My competition is 11 weeks away, and I have been dealing with this SI joint problem for about 8 weeks. Isn’t it funny how oddly time can feel? It seems as if I’ve been dealing with the SI issue for so much longer, while competition seems to be coming towards me like a high speed train. These past 8 weeks have caused me a great deal of pain and frustration, physically and emotionally. I haven’t always handled it well. I’ve been frustrated with myself, because it was my own stupidity that resulted in the SI problem in the first place. I’ve been frustrated with the pain, the discomfort, the restrictions to my mobility. I’ve been frustrated that getting back to normal seems to be taking so long. I’ve been frustrated by the interference to my training, and that interference has been messing with my confidence as I look forward to Provincials and reaching new goals.
I hit a low last Wednesday when my brief deadlift session didn’t go as planned and the SI issue reared its ugly head with renewed fierceness. The day before had been such a good day, probably one of the best since the problem started. I was feeling hopeful that the worst had passed, that I was finally on my way to normal. Wednesday took all of my hope and joy and crushed it. I was in pain. I was crushed. I went to see my chiropractor…in despair and misery. He promptly gave me a hug, because he said I needed one. He made me laugh and “dance”, and he told me we had lots of time yet before Provincials. Simple things. Well, getting me to dance is no simple thing, but he didn’t do anything out of the ordinary. He was just himself, and a major reason why I even see a chiropractor is because of his character and nature. I needed that hug just like I needed to laugh and dance and be reminded that I would be okay.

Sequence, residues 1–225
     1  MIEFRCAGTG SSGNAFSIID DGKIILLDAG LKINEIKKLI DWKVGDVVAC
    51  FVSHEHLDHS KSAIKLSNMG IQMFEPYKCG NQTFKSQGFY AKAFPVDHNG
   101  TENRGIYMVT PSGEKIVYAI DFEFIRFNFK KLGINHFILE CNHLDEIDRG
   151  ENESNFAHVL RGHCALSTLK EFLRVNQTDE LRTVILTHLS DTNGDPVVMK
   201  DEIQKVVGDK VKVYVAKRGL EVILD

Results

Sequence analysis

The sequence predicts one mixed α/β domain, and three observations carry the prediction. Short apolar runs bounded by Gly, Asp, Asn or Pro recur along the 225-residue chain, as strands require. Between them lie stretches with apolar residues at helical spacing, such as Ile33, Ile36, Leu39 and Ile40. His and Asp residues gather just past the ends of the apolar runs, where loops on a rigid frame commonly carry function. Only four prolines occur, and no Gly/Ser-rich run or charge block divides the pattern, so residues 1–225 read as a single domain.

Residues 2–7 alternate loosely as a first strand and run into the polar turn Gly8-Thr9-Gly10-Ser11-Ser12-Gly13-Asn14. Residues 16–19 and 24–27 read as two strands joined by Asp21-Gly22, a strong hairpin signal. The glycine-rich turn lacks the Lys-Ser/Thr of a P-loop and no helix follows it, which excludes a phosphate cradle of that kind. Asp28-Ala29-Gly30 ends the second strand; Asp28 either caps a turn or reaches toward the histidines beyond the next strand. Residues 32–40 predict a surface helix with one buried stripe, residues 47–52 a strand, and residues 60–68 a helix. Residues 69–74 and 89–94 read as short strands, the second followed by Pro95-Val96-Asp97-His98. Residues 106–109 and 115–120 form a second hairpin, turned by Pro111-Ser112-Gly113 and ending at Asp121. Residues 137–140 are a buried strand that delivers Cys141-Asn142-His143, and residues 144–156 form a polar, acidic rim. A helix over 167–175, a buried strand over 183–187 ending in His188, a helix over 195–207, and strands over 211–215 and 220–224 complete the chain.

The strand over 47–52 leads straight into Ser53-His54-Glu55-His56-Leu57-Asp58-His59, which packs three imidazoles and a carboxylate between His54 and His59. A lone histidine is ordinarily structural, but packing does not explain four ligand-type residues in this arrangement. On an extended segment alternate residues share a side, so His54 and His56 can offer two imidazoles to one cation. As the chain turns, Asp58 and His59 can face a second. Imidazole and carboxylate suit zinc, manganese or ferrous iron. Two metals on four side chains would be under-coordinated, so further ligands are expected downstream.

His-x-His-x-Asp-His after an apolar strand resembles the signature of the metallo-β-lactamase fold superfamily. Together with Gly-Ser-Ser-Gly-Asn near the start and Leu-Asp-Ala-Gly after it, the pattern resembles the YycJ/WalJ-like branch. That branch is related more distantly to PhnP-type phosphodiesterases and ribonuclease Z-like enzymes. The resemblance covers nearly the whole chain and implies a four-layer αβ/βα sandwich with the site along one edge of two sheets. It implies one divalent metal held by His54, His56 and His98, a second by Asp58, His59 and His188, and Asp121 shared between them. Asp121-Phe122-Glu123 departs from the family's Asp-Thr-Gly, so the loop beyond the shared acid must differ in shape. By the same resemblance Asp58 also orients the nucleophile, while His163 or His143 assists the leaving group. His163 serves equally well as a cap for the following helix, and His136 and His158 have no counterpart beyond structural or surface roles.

That day was definitely a low one; however, each day is new and full of hope and opportunity. I had to remember who I am and what I am capable of. The path behind me is littered with reminders of my character, focus, determination, and ability to press through tough spots. This SI joint issue has become much more than a speed bump, but it doesn’t have to become a permanent road block. My training might not go as I’d like leading up to a competition, but I know how to work hard and smart. I know how to focus on the finish line and to fight for the goals I want to reach. I know the importance of a positive attitude and outlook. I know how to see threads of silver in the storm clouds, and I know the beauty and wonder of the rainbow once the storm has passed.
My focus is narrowing, because I do have goals and I am not content to stay stuck. The SI is still cranky, but my own crankiness is waning. Crankiness is being replaced with excitement. I don’t know what the next 11 weeks will hold for me, but I am determined to make the most of them.